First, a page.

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The Sexual Experience of Young People

by Dr. A.X. van Naerssen

Staatscourant 246, Thursday, 19 December 1996

[With special thanks for the translator and for the author’s permission for translating and publishing the article.]

[Text in square brackets represents additions to, or elaboration on, the author's own wording, made by the translator for the sake of clarity.]

[The Staatscourant is a Dutch daily whose most important function is publication of formal directives issued by the national ministries. It also publishes news and opinions relating to law- and policy-making.]

Although child pornography must be vigorously opposed, the government has not shown enough restraint where the sexual experience of young people is concerned. Criminalizing non-violent sexuality contributes to the growth of real criminality.

Marc Dutroux was arrested in Belgium in the beginning of August and accused of abduction, sexual abuse, and murder of a number of young girls. He turned out to have been convicted previously on multiple rape charges and had been released without any psychiatric or psychological treatment before completing his prison sentence. Public indignation, at first directed at Dutroux, a psychopath and violent pedophile, turned after a few weeks into rage over the incompetence and corruption of police, the judiciary, and politicians. On 20 October, many hundreds of thousands of people demonstrated in Brussels against the decision of the Court of Appeals to remove Judge Connerotte, who was leading the investigation, from the Dutroux case. Connerotte had claimed that the case involved not only a psychologically disturbed sexual delinquent, but possibly also a network of individuals involved in criminality, child prostitution, and child pornography.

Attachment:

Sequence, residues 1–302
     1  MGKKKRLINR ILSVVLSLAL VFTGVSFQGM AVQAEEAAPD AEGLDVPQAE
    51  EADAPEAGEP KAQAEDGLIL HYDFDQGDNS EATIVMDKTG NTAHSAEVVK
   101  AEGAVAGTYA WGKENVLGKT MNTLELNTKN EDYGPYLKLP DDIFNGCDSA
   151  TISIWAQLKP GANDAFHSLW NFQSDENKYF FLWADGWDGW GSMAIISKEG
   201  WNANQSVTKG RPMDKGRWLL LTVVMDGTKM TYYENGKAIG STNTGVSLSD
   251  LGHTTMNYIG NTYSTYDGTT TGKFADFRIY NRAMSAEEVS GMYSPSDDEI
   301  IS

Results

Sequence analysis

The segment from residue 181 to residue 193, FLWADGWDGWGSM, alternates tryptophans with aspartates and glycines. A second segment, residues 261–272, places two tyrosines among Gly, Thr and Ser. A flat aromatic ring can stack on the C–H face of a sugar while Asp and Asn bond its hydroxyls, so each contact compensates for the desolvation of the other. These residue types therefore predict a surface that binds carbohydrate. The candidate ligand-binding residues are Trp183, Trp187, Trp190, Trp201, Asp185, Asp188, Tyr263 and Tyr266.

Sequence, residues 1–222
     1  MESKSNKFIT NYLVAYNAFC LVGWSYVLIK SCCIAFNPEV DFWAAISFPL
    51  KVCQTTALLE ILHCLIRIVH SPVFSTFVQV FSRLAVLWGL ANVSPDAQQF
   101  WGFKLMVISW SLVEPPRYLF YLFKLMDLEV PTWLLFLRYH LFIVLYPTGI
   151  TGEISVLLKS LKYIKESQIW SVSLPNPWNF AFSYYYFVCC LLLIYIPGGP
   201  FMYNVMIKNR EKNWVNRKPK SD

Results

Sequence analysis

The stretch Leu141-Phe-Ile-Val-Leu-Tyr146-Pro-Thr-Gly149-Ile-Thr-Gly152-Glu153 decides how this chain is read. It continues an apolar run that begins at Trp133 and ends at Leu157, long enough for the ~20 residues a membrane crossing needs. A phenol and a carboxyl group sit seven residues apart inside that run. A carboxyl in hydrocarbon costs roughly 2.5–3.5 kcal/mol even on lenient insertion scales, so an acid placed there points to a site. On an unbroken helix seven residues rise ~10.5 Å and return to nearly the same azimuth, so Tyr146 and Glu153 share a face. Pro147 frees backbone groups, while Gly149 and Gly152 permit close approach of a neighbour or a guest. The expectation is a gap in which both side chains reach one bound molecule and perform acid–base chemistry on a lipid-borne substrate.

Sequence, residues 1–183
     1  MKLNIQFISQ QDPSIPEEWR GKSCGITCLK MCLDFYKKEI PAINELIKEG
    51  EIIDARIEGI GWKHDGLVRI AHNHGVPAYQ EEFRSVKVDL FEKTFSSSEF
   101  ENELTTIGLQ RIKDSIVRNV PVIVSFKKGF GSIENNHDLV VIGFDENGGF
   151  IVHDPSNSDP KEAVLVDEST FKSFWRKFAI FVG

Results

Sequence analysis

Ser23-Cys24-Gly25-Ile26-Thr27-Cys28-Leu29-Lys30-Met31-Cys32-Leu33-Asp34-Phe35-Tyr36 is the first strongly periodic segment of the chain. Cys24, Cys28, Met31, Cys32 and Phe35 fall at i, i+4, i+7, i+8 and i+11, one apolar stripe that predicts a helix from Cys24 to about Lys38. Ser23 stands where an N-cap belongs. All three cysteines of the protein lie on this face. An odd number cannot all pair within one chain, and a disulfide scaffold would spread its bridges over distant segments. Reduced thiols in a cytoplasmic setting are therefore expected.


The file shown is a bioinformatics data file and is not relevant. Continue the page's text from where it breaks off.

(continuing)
Sexual exploitation

Coincidentally (for it had been planned for years) the world conference against commercial exploitation of children was held in Stockholm from August 27-31. It had been organized by the Swedish government in cooperation with Unicef and several organizations which concern themselves with child prostitution, in particular in Thailand and in the Philippines. The Dutroux case and the conference received wide coverage in the media, and there were a number of formal questions raised in the [Dutch] Parliament. On 29 October, the Minister of Justice, Ms. Sorgdrager, presented a letter to the Parliament with an extensive report on this conference, in which she commented, "The impact of the conference has probably gained some force through the tragic events in Belgium which have come to light during the conference."

She went on to announce an evaluation of the new morals laws concerning sexual contacts with minors [for contacts with 12- to 16-year-olds, the police can no longer independently initiate an investigation] and child pornography (about borderline cases). These laws had been changed or had gone into effect in December 1991, September 1994, and February 1996. She also announced a proposal to eliminate the general ban on brothels. Finally, she stated that she wanted to deal with sex tourism and with trade in videotapes containing images of naked children; that sex education with respect to sexual violence should be broadened, as should the treatment (usually not voluntary) of sexual delinquents; and that the information systems with respect to child pornography and white slavery should be improved, as should international investigation of violence and abuse.

With regard to this energetic and comprehensive approach, in particular in the area of criminal justice, the question arises whether the government isn't at odds with the traditional principle that it should play a restrained role with respect to the sexuality of its citizens, and, considering the moment in which she formulates this policy, whether she is not letting herself be led too much by the massive media coverage of -- and the public reactions to -- the events in Belgium and the conference in Sweden. These questions are not easily answered. First an attempt will be made to outline the changes in morals legislation, and then a possible explanation for the announced policy will be given.

Not a morals referee